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  • The Closures of the Open Text: Lyn Hejinian’s “Paradise Found”
  • Jacob Edmond (bio)

I want to open up for discussion a topic that has to date remained largely closed, due, ironically enough, to an emphasis on openness. As Meir Sternberg observes, from modernism’s “turn, in practice and theory, toward the open ending,” to poststructuralism’s “preaching [of] endless indeterminacy,” the literary-critical climate of recent decades has overwhelmingly favored openness over closure, obscuring “the family likeness underlying the extreme models” such that even “the poetics of anti-closure at its most radical” involves “multiple closure” (519–20, 568–69). Reflecting this tendency, the claim to openness pervades both the self-presentation and critical reception of Language writing, concealing the closures of its open text. This, at least, I will argue, is the case for Lyn Hejinian, one of the most prominent writers to have emerged from this highly influential late-twentieth-century U.S. literary avant-garde, and the one perhaps most closely associated with its rhetoric of openness. While, as Alan Golding notes, Language writers have used openness to signify an emphasis on linguistic opacity, autonomy, and polysemy and the rejection of organicist notions of naturalness, presence, and immediacy (“Openness” 80–88), Hejinian’s writing exhibits a striking preoccupation with total [End Page 240] linguistic transparency, correspondence between language and world, epistemological closure, and perfect understanding, all of which she associates with the term paradise. Her essay “The Rejection of Closure” (1984), her long poem The Guard (1984), and her later essay “La Faustienne” (1998) all grow, directly or indirectly, out of this preoccupation. In these texts, paradise, as complete closure and perfect knowledge, partakes in a formal and thematic dialectic such that the reemergence of the desire for paradise always accompanies its repudiation. On the one hand, this dialectic reflects the sense in Language writing that “closure is always imposed socially even when it is resisted poetically” (Golding 82) and responds to the consequent need, as Language writer Bruce Andrews puts it, “to frame what’s open against the dangers of closure” (“Total” 50). But on the other, it underscores Marjorie Perloff’s argument that for writers such as Hejinian, the “individual talent” matters more than “the specific avantgarde ‘tradition’” (“Avant-Garde Tradition” 139). In Hejinian’s texts, the “generative struggle between the two impulses” (“Rejection,” Writing 291) does more than acknowledge the dangers of closure in order to achieve the “drastic openness” called for by Andrews (“Poetry” 31). It also provides a further frame or enclosure around this dynamic, dialectic openness. By incorporating the desire for paradise, closure, and perfect knowledge, Hejinian’s writing points to the ways in which the putative freedom promised by the dialectic of the open text itself constitutes another paradisal vision, another form of closure. At the same time, the reassertion of closure and paradise allows Hejinian’s poetics to go further than simply acknowledging “how the imaginary pervades public life,” a recognition that Charles Altieri sees several Language writers, including Hejinian, failing to move sufficiently beyond (“Fate” 86). Notwithstanding Altieri’s suggestion otherwise, closure and paradise in Hejinian’s writing mobilize the distinctions and desires necessary for a poetics to “elaborat[e] versions of the imaginary” which preserve its “sense of explorative projection,” while conveying an equally acute sense of its dangers (“Fate” 92, 78).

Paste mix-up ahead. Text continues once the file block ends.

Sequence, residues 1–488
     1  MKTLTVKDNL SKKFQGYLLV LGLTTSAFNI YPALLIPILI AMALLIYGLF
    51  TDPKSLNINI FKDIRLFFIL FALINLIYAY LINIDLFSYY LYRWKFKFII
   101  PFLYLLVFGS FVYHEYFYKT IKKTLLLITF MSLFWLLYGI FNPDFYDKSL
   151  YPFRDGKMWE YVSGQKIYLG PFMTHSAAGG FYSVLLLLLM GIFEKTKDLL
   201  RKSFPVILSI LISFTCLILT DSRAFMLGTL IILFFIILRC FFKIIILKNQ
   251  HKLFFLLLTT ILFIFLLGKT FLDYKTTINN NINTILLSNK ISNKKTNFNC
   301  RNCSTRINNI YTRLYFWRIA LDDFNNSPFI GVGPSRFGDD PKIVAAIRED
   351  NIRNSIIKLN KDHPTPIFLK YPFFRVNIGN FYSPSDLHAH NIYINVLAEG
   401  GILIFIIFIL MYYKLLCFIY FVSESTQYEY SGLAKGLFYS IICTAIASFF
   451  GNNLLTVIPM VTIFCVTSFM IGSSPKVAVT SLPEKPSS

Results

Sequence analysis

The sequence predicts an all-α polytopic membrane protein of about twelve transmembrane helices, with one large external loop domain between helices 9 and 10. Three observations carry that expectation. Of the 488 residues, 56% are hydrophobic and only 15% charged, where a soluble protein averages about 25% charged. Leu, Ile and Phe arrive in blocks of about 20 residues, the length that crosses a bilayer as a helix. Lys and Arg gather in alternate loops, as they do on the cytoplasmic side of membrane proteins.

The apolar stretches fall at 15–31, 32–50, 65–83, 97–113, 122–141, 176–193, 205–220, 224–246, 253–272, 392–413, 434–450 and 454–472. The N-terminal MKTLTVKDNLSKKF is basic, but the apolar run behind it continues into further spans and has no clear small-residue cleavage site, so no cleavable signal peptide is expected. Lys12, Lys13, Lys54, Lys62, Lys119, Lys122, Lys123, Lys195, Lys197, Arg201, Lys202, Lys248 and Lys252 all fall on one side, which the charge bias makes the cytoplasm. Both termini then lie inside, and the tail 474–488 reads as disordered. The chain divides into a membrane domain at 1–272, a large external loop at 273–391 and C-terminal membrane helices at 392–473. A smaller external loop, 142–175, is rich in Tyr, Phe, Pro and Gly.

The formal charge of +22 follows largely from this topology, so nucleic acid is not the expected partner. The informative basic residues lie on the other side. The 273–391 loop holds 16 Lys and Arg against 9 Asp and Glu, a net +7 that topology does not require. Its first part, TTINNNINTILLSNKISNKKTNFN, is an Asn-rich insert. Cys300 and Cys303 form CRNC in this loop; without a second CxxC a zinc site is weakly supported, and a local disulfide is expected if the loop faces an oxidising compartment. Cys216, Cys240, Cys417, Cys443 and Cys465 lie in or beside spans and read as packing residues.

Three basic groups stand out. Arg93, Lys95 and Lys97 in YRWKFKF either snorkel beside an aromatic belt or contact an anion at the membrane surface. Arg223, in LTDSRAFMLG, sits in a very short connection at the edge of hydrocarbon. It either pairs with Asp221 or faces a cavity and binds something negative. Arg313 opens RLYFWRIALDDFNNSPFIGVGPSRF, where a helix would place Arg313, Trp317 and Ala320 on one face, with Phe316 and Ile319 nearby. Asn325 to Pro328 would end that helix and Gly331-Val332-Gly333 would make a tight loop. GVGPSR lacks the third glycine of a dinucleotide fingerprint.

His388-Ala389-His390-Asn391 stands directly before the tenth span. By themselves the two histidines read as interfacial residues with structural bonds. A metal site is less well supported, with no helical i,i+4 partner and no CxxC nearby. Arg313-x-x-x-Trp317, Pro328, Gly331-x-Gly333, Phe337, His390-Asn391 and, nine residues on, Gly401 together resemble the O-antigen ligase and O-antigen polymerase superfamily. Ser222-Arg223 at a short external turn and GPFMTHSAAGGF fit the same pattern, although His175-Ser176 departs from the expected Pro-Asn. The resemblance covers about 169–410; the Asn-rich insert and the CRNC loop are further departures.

To discuss Hejinian’s work in relation to closure, paradise, and perfect knowledge seems at first glance radically counterintuitive, since the totalizing, overarching, transcendent visions that these terms imply appear to be fundamentally at odds with her poetics. Her most frequently cited and widely anthologized essay is, after all, [End Page 241] entitled “The Rejection of Closure” and calls explicitly for a poetics of the “open text” (“Rejection,” Language 43).1 Moreover, the now considerable body of scholarship on Hejinian frequently echoes these terms, explicitly or implicitly referencing the essay.2 Likewise, both “The Rejection of Closure” and this scholarship build on influential conceptions of textual openness developed in the 1950s, 1960s, and 1970s, such as Roland Barthes’s “plural text,” expounded in S/Z (1970) and “From Work to Text” (1971), and John Cage’s process-oriented poetics, articulated in his “lectures” in...